[Kyle] Day 8
In the wee hours of the morning the wind started to increase again, until it finally leveled off at about 30 knots. The seas grew increasingly large and once again we found ourselves in rough, strong conditions, this time from the East. It seems that the very air that had pummeled us so badly realized it had passed us, stopped and came rushing back for another swipe at us. This made any further easting difficult and we shaped a course that slowly, grudgingly turned South. I wanted to have about a degree and a half of longitude East of our destination so that it would not be necessary to sail close to the wind once we finally hit the trade winds. So far we were about 100 miles West of that goal.
The wind was forecast to turn against us and we needed to get as far East as we could before the window shut on us. This made for some very uncomfortable sailing, we sailed at about 75 degrees to the wind and waves which is as much as we could tolerate in the 15'+ seas. The boat got slammed hard by waves that had many times her mass, in response she bends and flexes and distorts, she will come off a wave and slam down hard and the mast will oscillate back and forth sending the vibration through the rigging, and also sending my mind through everything I know about metallurgy and stress fatigue. I also find myself thinking of all of the dozens of people involved in the manufacture of this boat and her many components, only one had to be disgruntled or lazy or incompetent or careless to really mess up our lives out here.
Later that evening Maryanne and I were at the table just getting ready to eat some very hot soup when a wave made the table jump and throw Maryanne's soup into her lap. She ended up with 10 square inches of 1st degree burn on one thigh, and 2 square inches of 2nd degree burns. When the soup hit her she leapt up to keep the rest off her, and threw the soup everywhere, the boat was already getting to be a shambles from all the pounding, this did not help either of our moods. [Maryanne] Burn was not that bad, and we have a medical kit aboard to save an army, so no need to worry about me! The soup was good. Luckily there was plenty more in the pot).
[Kyle] Day 9
More of the same. We needed to stay as far east as we could in order to not beat against the trade winds later. We were crossing a stationary front and the winds were in the mid to high 20's (knots). We were getting as close as we could to it but the chop was miserable. Both of us were getting sick of all the pounding and were in pretty bad moods - fortunately not at each other. The weather is also gloomy, overcast and gray, which does not help. Neither of us were looking forward to our watches. Not 10 minutes after Maryanne went on for the night watch, just as I was climbing into bed, it started to pour, then the wind came up and she had to go on deck to reef - poor woman.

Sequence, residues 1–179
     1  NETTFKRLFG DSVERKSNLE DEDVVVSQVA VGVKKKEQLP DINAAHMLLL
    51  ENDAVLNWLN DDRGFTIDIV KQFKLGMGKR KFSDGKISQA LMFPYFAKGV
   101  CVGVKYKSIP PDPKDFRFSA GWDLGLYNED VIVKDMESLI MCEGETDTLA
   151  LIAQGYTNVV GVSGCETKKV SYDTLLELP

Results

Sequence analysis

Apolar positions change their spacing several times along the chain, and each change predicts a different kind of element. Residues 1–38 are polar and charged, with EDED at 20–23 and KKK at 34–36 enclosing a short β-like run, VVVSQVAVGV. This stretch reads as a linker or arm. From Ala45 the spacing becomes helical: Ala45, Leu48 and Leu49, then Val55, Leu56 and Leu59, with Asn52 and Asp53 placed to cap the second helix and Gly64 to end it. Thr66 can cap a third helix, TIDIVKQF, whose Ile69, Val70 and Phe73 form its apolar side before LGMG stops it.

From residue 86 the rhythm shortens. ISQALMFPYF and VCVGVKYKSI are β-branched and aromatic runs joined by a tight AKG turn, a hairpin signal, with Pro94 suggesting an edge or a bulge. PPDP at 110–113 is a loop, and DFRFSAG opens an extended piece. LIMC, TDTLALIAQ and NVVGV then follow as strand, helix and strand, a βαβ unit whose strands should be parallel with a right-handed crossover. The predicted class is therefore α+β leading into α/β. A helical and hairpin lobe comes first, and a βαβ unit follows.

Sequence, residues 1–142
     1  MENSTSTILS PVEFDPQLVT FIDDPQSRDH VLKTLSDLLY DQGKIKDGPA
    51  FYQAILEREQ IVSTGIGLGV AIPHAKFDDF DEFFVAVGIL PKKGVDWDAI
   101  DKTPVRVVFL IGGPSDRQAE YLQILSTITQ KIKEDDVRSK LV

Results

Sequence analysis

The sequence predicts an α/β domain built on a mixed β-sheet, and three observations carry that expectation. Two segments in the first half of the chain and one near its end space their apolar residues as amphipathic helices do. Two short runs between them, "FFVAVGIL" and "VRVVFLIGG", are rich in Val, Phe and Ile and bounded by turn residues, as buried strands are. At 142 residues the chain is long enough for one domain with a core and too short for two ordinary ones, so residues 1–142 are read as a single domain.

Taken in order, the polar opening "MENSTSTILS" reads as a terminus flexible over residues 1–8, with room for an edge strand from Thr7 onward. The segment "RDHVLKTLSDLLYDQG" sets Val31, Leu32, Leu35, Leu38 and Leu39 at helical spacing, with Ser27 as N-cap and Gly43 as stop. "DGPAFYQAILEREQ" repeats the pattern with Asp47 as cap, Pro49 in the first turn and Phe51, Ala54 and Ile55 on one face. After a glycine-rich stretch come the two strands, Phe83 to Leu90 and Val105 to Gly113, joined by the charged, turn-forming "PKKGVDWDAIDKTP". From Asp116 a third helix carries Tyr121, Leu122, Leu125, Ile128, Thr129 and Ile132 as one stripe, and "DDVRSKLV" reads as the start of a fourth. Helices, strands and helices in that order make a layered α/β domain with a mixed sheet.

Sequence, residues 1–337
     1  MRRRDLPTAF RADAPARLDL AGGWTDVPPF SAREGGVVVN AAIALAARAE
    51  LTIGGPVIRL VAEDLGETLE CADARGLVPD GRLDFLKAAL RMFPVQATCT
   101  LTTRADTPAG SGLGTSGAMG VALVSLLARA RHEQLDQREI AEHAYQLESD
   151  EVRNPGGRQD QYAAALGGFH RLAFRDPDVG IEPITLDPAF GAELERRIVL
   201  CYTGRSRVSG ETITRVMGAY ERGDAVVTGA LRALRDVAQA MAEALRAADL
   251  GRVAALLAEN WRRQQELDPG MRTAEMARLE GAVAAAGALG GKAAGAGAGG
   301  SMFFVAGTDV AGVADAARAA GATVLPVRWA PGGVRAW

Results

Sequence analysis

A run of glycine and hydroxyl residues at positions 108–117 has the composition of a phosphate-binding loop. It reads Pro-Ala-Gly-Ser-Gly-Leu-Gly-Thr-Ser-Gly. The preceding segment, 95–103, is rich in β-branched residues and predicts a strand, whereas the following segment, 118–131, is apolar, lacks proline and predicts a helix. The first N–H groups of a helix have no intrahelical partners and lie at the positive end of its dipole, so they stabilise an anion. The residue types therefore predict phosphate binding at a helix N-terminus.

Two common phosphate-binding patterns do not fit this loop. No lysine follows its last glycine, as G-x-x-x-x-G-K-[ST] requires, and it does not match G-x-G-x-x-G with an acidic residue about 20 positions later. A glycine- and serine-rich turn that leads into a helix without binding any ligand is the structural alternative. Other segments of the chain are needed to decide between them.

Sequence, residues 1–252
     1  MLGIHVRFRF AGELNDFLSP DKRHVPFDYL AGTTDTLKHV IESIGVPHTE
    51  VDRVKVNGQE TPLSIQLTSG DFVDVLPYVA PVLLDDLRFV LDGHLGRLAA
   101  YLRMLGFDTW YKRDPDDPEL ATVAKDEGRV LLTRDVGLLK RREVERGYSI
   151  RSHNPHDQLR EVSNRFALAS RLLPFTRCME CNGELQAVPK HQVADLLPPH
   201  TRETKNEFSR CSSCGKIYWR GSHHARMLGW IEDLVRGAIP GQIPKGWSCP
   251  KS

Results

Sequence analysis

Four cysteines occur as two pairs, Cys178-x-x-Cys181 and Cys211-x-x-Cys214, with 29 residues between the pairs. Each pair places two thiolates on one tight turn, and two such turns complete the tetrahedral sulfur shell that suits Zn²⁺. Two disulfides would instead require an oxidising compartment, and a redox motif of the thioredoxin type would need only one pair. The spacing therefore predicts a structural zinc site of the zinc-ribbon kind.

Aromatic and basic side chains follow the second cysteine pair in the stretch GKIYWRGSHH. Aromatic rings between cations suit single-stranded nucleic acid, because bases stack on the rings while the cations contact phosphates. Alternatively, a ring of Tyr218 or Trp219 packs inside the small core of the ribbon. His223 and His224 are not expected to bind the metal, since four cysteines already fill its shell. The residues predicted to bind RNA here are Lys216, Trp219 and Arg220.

Well the forecast looks like we'll have to sail close to the wind all the way there. These islands had better be nice! We were at the latitude of mid Florida, it was warmer but so far nothing seemed very tropical with gray clouds and rain on and off. It did calm down a bit during my afternoon watch so I took the opportunity to give the inside of Footprint a good clean and tidy. It was especially good to get all the salt we had been tracking in off the floors (Footprint alternates between having a perpetual coating of brine in most weather, and big grains of salt everywhere like a margarita glass in the sun). In the afternoon the wind started veering to the South, requiring us to turn a little west (wrong way). If it did not fill in from the East again soon we would have to tack and go NE to keep from being pushed too far West - we'd worry about South later.
Here is pretty much how it went: King Neptune (as the Sarge) "All right, you lilly liver'd .. Um .. Lilly livers! Enough with the insults! Today's drill: Shortening he sail. YOU! Go put a reef in that mainsail". "Right away Sarge". I go up on deck and work through the methodical process of putting a reef in the mainsail (which actually reduces its size) I'm back in just under a minute. "How was that Sarge?", the Sarge, mocking me "how was that Sarge? That, son was the worst job of reefing that I have EVER seen! I've seen barnacles grow faster than that! What were you doing reading a book?! Plus you were looking the whole time, hardly any sport in that. Next time I see you looking, you are going to get a wave in the face - here comes a gust - go put another reef in and this time LETS SEE SOME HUSSLE!! Go! Go! That's it, faster, faster! Did you just eyeball me?, You'll get a wave for that. What ARE you doing? Stop sliding all over the deck on your back! Grab hold of something! NOT THAT! Grab hold of something useful! You are supposed to be reefing and it has already been 12 seconds - what is WRONG with you?" I arrived back in the cockpit, soaked and panting. "How's that?" I dared to ask. "Well son, that was a little bit better, but it was still the 2nd worst job I've ever seen behind your first attempt. Have you noticed that the boat stopped moving, now get up there and shake out those reefs, get back here, trim those sails, you'll never get anywhere if you don't trim those sails". I was about to plop down, exhausted when I noticed Sarge with a mischievous look on his face, gazing East: "Swabby" he says without looking away "what's this I see coming?....."